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ABSTRACT: Context .- Eosinophilic renal neoplasms include a spectrum of solid and papillary tumors ranging from indolent benign oncocytoma to highly aggressive malignancies. Recognition of the correct nature of the tumor, especially in biopsy specimens, is paramount for patient management. Objective .- To review the diagnostic approach to eosinophilic renal neoplasms with light microscopy and ancillary techniques. Data Sources .- Review of the published literature and personal experience. Conclusions .- The following tumors are in the differential diagnosis of oncocytic renal cell neoplasm: oncocytoma, chromophobe renal cell carcinoma (RCC), hybrid tumor, tubulocystic carcinoma, papillary RCC, clear cell RCC with predominant eosinophilic cell morphology, follicular thyroid-like RCC, hereditary leiomyomatosis-associated RCC, acquired cystic disease-associated RCC, rhabdoid RCC, microphthalmia transcription factor translocation RCC, epithelioid angiomyolipoma, and unclassified RCC. In low-grade nonpapillary eosinophilic neoplasms, distinction between oncocytoma and low-grade RCC mostly rests on histomorphology; however, cytokeratin 7 immunostain may be helpful. In high-grade nonpapillary lesions, there is more of a role for ancillary techniques, including immunohistochemistry for cytokeratin 7, CA9, CD10, racemase, HMB45, and Melan-A. In papillary eosinophilic neoplasms, it is important to distinguish sporadic type 2 papillary RCC from microphthalmia transcription factor translocation and hereditary leiomyomatosis-associated RCC. Histologic and cytologic features along with immunohistochemistry and fluorescence in situ hybridization tests for TFE3 (Xp11.2) and TFEB [t(6;11)] are reliable confirmatory tests. Eosinophilic epithelial neoplasms with architecture, cytology, and/or immunoprofile not qualifying for either of the established types of RCC should be classified as unclassified eosinophilic RCC and arbitrarily assigned a grade (low or high).Archives of pathology & laboratory medicine 11/2014; 138(11):1531-41. DOI:10.5858/arpa.2013-0653-RA · 2.88 Impact Factor
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ABSTRACT: The development of new forms of treatment of advanced renal cell carcinoma over the past two decades has been primarily focused on targeting the VHL/HIF pathway. The recent identification of mutations of chromatin-remodeling genes in clear-cell renal carcinoma (ccRCC), of genomic heterogeneity, and of a Warburg-like metabolic phenotype in advanced disease has had a profound effect on our understanding of the evolution of ccRCC and on potential approaches to personalized therapy. Early approaches to therapy for patients with advanced type I papillary RCC that have centered around the MET/HGF pathway will expand as more genomic information becomes available. Sporadic and familial type II papillary renal cell carcinoma are characterized by enhanced aerobic glycolysis and share an antioxidant response phenotype. In fumarate hydratase-deficient RCC, fumarate-induced succination of KEAP1 activates Nrf2 signaling. CUL3 and Nrf2 mutations as well as an Nrf2 activation phenotype are found in sporadic type II papillary RCC. Therapeutic approaches designed to target the Nrf2 pathway as well as to impair blood flow and glucose delivery in these cancers that are highly dependent on a robust tumor vasculature and on ready availability of glucose for energy production and glycolysis are in development. Clin Cancer Res; 21(1); 10-17. ©2015 AACR. ©2015 American Association for Cancer Research.Clinical Cancer Research 01/2015; 21(1):10-7. DOI:10.1158/1078-0432.CCR-13-2993 · 8.19 Impact Factor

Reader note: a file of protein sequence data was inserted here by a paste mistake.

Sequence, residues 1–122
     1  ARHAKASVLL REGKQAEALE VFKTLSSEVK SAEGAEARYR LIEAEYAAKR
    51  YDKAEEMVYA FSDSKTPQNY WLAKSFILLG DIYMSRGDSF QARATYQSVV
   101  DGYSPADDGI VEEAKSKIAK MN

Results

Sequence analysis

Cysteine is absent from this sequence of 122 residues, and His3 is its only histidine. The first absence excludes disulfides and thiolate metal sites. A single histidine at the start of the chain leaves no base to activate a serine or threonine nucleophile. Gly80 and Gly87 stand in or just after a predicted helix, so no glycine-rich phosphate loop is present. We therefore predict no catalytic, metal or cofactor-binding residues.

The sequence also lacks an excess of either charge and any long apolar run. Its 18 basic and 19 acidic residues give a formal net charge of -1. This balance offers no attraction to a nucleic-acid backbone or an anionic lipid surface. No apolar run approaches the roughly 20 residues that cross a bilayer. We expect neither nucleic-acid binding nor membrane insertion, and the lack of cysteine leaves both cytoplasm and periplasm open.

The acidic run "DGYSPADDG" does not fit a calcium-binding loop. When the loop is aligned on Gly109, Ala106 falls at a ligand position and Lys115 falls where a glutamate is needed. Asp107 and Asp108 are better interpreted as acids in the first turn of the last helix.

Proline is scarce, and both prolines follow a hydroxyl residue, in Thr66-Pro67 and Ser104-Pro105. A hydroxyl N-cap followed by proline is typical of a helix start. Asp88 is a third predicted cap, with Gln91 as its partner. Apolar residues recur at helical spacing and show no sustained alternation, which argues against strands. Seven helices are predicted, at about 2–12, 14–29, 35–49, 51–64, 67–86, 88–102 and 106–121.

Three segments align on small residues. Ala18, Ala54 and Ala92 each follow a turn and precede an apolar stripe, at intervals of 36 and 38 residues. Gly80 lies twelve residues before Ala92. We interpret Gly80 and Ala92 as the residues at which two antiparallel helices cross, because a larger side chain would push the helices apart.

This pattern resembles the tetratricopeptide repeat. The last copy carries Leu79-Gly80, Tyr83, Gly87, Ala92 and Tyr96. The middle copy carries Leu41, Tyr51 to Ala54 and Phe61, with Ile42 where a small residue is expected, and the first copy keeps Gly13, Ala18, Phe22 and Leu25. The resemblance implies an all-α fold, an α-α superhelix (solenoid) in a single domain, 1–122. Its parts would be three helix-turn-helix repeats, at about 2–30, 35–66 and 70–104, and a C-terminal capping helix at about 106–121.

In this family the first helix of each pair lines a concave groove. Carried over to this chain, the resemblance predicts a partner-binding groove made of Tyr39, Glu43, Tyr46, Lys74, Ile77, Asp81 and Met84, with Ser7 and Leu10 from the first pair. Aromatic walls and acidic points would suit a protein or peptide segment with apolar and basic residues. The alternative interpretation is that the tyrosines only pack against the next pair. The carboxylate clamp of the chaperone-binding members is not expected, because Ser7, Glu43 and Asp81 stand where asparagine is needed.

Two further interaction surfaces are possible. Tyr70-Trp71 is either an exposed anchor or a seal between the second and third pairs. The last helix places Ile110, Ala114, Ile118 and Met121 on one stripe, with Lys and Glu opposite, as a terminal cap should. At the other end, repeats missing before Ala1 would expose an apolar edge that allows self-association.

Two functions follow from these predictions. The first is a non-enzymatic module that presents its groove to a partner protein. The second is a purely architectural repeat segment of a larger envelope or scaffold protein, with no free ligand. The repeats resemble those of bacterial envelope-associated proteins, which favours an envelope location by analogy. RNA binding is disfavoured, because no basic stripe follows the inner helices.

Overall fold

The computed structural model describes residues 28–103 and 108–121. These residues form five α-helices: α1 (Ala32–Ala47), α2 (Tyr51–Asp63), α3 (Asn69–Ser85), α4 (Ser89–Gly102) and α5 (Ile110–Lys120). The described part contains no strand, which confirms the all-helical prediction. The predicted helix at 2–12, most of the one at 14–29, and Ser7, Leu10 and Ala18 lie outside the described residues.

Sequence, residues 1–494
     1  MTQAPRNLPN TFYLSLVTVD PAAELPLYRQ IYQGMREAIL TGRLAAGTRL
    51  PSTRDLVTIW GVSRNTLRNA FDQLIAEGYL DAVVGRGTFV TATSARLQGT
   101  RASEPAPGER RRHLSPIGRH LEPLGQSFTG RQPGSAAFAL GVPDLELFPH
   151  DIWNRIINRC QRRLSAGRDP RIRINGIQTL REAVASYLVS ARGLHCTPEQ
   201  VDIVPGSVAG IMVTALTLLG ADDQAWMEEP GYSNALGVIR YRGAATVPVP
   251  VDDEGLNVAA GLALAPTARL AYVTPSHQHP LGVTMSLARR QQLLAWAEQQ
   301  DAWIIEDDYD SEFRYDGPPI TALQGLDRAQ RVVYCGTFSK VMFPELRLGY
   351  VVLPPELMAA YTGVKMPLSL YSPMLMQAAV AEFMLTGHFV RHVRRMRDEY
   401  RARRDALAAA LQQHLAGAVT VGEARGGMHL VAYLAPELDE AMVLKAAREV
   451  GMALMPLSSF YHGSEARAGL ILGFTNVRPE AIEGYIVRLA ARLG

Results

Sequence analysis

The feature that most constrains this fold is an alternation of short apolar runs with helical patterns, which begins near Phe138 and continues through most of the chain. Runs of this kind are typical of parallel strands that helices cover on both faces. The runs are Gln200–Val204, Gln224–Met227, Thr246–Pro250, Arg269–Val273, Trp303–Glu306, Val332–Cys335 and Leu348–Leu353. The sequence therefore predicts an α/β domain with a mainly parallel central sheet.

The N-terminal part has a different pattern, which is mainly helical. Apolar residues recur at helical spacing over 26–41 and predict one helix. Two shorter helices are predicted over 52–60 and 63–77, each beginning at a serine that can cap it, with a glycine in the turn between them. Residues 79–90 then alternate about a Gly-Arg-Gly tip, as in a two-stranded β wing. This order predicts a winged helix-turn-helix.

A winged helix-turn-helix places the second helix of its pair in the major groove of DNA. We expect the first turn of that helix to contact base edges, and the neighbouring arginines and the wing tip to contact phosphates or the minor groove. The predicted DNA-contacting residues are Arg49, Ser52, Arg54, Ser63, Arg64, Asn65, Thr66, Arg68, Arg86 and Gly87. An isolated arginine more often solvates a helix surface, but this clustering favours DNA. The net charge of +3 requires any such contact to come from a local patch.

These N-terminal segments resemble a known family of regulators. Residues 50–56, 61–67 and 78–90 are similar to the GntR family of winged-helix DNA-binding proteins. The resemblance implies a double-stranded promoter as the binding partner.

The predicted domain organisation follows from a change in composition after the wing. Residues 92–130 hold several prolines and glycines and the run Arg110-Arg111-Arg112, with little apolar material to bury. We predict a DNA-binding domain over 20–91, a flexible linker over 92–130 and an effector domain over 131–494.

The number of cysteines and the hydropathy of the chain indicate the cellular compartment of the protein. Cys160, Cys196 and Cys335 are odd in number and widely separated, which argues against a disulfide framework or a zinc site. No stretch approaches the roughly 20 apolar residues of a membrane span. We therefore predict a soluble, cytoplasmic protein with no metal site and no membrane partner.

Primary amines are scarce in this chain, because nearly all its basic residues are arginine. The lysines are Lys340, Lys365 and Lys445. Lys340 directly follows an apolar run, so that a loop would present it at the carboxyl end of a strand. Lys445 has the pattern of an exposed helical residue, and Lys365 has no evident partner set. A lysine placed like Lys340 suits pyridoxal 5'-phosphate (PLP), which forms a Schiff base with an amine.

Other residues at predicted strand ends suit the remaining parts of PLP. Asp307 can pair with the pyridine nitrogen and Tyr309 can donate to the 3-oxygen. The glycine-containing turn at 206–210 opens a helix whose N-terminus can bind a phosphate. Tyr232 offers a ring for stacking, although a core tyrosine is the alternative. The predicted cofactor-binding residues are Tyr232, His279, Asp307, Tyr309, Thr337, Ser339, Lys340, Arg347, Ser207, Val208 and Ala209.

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ABSTRACT: Patients with germline fumarate hydratase (FH) mutation are predisposed to develop aggressive kidney cancer with few treatment options and poor therapeutic outcomes. Activity of the proto-oncogene ABL1 is upregulated in FH-deficient kidney tumors and drives a metabolic and survival signaling network necessary to cope with impaired mitochondrial function and abnormal accumulation of intracellular fumarate. Excess fumarate indirectly stimulates ABL1 activity, while restoration of wild-type FH abrogates both ABL1 activation and the cytotoxicity caused by ABL1 inhibition or knockdown. ABL1 upregulates aerobic glycolysis via the mTOR/HIF1α pathway and neutralizes fumarate-induced proteotoxic stress by promoting nuclear localization of the antioxidant response transcription factor NRF2. Our findings identify ABL1 as a pharmacologically tractable therapeutic target in glycolytically dependent, oxidatively stressed tumors. Copyright © 2014 Elsevier Inc. All rights reserved.Cancer Cell 12/2014; 26(6):840-50. DOI:10.1016/j.ccell.2014.10.005 · 23.89 Impact Factor